Friday, August 7, 2015

Ida Lewis Distance Race

To be perfectly honest, I have a major problem with this race. Any shorthanded sailor who knows me has probably heard me bitch about it. There are two races on the eastern seaboard that restrict Jeroboam from entering: Ida Lewis Distance Race (ILDR) and the Vineyard Race. They do so by setting rating restrictions on entries. Why? Because the organizers are more concerned with getting the party started post-race than they are attracting boats to their races.

ILDR even more absurdly may allow boats with a handicap slower than 128 sec/mile to enter but even if they do, they're required to race with a rating of 128. This means that they have zero interest in providing a fair competition to 56.7% of the registered PHRF boats in Narragansett Bay. I have never heard of another race doing this. ILDR is uniquely idiotic.

Any boat with a handicap lower than 128 can cross the starting line with a reasonable expectation of doing well among their peers. If they prepared their boat well, trained, studied the course’s tactical features and sail well, they might just win. Any boat with a handicap higher than 128 can cross the starting line knowing that they are at a distinct disadvantage to all the boats with a rating of 128 or less. It doesn’t matter how well prepared their boat is, or how hard they and their crew trained, or how well they sailed, their corrected time will not be reflective of their boat’s performance characteristics because the race committee don’t want them to win. They don’t want to employ the PHRF rating methodology to allow dissimilar boats to complete on a level field, only those with a rating of 128 or faster. All the others don’t deserve the same courtesy. They are subjected to different rules because ILDR has no interest in attracting them to their race. They would rather they stay home, or if they insist on entering, lose.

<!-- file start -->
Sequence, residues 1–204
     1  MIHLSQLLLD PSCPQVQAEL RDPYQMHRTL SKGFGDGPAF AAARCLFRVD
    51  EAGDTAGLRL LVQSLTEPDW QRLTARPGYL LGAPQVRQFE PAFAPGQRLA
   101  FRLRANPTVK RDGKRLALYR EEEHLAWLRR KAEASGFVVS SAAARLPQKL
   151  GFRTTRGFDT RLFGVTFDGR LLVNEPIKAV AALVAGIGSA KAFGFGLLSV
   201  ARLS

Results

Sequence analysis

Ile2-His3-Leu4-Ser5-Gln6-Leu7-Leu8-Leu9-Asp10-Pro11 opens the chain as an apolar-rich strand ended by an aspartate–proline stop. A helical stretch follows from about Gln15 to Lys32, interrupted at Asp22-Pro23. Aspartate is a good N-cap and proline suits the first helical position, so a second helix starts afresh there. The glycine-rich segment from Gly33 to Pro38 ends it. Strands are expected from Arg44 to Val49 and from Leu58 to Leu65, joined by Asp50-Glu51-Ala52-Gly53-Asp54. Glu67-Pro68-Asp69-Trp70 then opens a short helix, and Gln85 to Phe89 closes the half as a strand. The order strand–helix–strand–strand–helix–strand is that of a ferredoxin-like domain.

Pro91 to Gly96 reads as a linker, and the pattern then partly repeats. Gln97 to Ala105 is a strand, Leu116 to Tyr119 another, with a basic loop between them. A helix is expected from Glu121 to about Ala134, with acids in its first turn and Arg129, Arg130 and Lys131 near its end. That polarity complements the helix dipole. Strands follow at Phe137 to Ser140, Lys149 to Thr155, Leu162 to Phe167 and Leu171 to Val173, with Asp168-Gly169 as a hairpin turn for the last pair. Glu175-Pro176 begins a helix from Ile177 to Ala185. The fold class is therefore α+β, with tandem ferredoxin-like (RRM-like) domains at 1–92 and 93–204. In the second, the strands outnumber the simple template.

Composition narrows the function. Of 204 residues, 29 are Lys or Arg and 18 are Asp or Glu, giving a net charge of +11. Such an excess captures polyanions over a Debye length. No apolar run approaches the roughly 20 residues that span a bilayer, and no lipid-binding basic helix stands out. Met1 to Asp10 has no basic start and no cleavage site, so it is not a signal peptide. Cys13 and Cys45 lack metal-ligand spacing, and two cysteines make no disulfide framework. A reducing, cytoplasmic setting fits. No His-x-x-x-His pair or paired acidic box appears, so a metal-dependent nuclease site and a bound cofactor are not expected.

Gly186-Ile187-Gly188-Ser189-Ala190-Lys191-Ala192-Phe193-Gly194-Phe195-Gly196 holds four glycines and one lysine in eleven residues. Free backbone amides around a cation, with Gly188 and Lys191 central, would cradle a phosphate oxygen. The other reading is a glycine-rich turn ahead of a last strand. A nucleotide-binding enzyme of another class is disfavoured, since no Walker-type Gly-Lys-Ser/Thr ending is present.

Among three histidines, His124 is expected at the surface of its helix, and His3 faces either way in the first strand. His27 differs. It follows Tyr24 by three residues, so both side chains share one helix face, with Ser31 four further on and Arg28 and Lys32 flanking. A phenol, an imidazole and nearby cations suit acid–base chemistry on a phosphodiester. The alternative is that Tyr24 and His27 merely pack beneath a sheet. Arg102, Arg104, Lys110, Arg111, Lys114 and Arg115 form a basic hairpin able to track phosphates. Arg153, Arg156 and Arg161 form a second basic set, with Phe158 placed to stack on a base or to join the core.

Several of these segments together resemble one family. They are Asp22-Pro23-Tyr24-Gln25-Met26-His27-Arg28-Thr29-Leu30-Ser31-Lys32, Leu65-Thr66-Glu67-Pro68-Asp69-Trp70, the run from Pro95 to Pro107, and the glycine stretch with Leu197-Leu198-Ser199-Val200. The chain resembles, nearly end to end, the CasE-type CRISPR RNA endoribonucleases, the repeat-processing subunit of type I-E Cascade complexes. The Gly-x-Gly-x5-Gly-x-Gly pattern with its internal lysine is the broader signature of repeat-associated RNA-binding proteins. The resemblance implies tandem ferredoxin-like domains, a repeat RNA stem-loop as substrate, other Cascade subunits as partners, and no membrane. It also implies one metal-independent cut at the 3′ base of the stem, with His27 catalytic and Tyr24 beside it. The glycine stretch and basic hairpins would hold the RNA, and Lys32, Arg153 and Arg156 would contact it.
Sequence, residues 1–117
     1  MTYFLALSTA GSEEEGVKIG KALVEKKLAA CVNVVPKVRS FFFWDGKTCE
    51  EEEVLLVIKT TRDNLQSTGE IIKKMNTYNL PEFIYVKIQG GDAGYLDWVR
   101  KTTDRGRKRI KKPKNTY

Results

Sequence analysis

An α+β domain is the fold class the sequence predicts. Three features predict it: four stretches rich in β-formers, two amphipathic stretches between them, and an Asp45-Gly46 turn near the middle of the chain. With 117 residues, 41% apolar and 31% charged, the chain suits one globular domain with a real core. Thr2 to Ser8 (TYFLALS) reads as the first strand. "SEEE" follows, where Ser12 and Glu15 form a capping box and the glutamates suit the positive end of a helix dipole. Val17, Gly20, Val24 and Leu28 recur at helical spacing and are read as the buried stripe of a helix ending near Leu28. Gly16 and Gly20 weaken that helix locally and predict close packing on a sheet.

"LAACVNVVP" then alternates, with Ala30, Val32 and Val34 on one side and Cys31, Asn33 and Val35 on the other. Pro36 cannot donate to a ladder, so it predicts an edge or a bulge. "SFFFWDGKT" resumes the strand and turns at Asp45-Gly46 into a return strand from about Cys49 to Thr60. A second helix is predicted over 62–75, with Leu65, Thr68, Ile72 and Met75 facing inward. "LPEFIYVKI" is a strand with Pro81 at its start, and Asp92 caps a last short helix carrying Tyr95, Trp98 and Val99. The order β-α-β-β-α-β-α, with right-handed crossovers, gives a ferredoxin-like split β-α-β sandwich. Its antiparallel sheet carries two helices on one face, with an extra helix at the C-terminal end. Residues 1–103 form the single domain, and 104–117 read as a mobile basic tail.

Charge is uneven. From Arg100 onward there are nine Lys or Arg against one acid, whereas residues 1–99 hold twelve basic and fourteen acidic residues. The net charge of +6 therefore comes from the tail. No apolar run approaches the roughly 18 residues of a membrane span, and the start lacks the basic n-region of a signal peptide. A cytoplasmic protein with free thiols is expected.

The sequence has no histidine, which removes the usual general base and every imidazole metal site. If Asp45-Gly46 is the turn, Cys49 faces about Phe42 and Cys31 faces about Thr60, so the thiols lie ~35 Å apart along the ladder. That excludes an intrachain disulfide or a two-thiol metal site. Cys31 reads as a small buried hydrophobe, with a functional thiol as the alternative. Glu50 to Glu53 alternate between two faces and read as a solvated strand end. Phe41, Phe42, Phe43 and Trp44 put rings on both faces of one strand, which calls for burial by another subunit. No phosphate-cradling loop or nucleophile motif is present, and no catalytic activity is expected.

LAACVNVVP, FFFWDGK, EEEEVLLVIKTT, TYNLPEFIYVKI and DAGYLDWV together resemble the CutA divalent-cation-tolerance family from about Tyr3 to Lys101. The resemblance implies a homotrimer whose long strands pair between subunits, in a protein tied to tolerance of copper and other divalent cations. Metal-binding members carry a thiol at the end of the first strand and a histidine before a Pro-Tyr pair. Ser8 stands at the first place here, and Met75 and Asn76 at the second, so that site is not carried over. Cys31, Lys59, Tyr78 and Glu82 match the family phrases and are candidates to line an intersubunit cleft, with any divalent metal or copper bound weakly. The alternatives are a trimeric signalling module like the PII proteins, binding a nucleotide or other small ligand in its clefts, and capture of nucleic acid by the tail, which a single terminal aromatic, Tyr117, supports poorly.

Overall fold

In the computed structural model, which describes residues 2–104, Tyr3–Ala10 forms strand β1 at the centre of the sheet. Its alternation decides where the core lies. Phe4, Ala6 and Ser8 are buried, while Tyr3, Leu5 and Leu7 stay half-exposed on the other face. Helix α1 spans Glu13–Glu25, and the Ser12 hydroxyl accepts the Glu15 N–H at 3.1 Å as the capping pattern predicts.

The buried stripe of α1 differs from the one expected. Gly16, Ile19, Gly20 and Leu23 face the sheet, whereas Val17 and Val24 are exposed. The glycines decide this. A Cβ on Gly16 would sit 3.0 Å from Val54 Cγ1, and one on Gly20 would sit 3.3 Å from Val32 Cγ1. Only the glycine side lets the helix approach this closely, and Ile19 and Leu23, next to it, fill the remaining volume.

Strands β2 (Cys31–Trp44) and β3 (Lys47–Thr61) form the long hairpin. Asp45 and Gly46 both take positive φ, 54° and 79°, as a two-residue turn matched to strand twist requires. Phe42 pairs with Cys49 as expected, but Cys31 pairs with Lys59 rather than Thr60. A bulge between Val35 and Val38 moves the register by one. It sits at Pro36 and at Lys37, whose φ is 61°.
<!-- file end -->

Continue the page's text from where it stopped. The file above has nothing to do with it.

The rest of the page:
In their mind there are two classes of boat owners. The welcomed class of owners whose boats have a rating of 128 or faster. No need to apply for entry, just sign up and come on down. They’re happy to have them. The unwelcomed class owns boats whose rating is slower than 128. First they must apply for entry, submit a sailing resume and provide documentation of past racing performance. If, and only if, their entry is accepted, they are forced to race with a handicap that was not assigned to their boat by the regional authority, rather one that gives them a slim to zero chance of a fair competition. When scoring the race, the race committee will then proceed to break their own rule as stated in the Notice Of Race, section 5.2.a, “PHRF Boats will be scored based on ratings assigned by PHRF Association of Narragansett Bay.” No, the race committee will do no such thing for the unwelcome class of boats. Instead it will use a rating other than that assigned by the PHRF Association of Narragansett Bay. It will use the arbitrary rating of 128. If the unwelcomed class of entrants doesn’t like it, they can stay home and write blog posts like this one. Or in my case, borrow a boat from a friend that meets their idiotic rating cap.

I enjoy racing too much to simply boycott this race. Instead, I will do what I always do: try to prepare to a greater degree than my competition, study the course/weather/tactics longer and harder than my competition and sail to the best of my ability. And thank Mike Piper profusely for letting me enter his boat.

Race starts Friday, August 14 around noon and will likely finish sometime Saturday afternoon (the race committee will choose a course short enough based on the wind forecast so their precious post-race party starts on time). Here's the likely course they will select:


Here are the current entries.

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